Traveling Sprinkler by Nicholson Baker (Blue Rider Press, 2013).
I only knew Nicholson Baker as the author of non-fiction works like Double Fold, but it turns out he is a novelist, and a pretty good one. This most recent novel, Traveling Sprinkler, is actually a sequel to The Anthologist, which I will have to hunt down and read. The main character, a poet (whose works are being put in anthologies for students to read) is faintly reminiscent of Robert Frost. He lives in rural New Hampshire and attends Quaker meeting to try to cope with the present day and all its dysfunctional news. An intelligent, artistic middle-aged man, he hopes to write the love song which will persuade his ex-girlfriend to take him back. As a poet and former professional musician he is actually fairly well qualified for the task – all he needs is a crash course in modern electronic recording techniques.
Public libraries and resilient cities edited by Michael Dudley (American Library Association, 2013).
This book explores “the roles that public libraries can play in the promotion of ecologically, economically, and socially resilient communities in challenging times.” Each chapter tells the story of a public library in the U.S. or Canada which went beyond providing access to books and information to addressing an unmet community need. These needs ranged from childcare for government workers after a hurricane and a summer feeding program for poor children, to targeted literacy and technology training programs, to public gardens and programming for the homeless and socially excluded. This book also demonstrates that even without any specific programs, the public library provides a public place for democracy to flourish in an increasingly privatized world, and can model ways to build or renovate using environmentally friendly practices. Michael Dudley, a librarian and urban planner, makes a great case for public libraries to be active participants in the Transition Town movement which promotes local resiliency in the face of climate change and peak oil.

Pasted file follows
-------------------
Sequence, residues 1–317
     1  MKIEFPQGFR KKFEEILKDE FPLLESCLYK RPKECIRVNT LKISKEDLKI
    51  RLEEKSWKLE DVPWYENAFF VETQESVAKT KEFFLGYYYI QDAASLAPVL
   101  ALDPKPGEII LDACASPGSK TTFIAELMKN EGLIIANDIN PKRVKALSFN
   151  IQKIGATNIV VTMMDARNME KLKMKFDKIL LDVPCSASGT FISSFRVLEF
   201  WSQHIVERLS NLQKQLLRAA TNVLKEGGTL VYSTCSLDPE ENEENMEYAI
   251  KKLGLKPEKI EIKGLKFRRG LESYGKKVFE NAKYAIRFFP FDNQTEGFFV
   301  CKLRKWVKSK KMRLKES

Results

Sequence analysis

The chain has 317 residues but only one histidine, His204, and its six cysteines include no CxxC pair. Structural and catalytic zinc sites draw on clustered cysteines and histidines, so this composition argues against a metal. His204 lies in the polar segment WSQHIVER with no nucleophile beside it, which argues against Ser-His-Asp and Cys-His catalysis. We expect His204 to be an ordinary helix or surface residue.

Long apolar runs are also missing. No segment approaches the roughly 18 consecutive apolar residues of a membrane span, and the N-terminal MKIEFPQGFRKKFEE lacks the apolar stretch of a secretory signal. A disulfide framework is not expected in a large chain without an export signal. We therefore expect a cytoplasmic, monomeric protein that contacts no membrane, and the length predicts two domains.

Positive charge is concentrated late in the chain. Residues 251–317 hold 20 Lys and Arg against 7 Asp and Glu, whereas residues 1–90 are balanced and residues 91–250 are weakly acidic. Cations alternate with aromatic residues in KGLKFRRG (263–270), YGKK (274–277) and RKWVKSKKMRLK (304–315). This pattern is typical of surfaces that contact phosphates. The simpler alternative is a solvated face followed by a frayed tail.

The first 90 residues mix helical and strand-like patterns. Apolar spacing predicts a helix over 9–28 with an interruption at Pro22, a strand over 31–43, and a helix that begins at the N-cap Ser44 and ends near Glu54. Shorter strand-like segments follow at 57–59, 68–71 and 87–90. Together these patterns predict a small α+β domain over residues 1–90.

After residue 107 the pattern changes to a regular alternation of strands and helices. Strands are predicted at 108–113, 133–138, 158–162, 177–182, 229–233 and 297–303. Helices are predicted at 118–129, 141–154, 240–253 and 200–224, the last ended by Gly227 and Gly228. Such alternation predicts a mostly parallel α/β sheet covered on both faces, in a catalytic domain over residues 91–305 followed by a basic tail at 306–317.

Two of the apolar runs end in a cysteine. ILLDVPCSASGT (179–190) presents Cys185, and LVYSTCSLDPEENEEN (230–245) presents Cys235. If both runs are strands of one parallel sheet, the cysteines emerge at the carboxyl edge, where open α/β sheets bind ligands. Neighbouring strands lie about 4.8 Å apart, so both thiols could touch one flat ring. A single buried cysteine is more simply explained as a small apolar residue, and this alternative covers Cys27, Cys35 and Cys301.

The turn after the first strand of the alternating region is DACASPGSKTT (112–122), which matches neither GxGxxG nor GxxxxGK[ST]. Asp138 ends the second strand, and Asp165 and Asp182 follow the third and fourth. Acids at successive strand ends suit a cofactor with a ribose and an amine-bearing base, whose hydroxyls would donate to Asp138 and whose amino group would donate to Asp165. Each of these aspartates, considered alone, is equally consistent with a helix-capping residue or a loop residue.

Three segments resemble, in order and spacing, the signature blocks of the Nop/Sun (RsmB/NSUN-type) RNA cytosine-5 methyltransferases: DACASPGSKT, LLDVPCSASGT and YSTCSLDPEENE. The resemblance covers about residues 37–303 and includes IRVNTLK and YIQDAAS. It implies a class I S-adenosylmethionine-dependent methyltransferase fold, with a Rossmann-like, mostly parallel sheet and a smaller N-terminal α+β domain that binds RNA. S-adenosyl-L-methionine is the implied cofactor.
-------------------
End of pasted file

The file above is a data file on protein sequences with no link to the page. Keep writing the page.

The signature of all things by Elizabeth Gilbert (Penguin Audio, 2013)
After investing 22 hours listening to this novel on CD, I’m still not sure how I feel about it. Let’s start with the facts: it’s the story of a fictional woman botanist whose career spans most of the 19th century. She was born into a wealthy Philadelphia family but ended her days as Curator of Mosses in her mother’s family’s botanical garden back in Holland. While her career was unusual for a women of that time, she probably accomplished as much research and publication as she would have in the 21st century. Her brief marriage gave her an opportunity to sail around the world and see places that only men of that time typically saw. She never met Darwin, but she did meet his associate Wallace. Overall this novel paints a very complete picture of what life would have been like for a woman naturalist in the 19th century.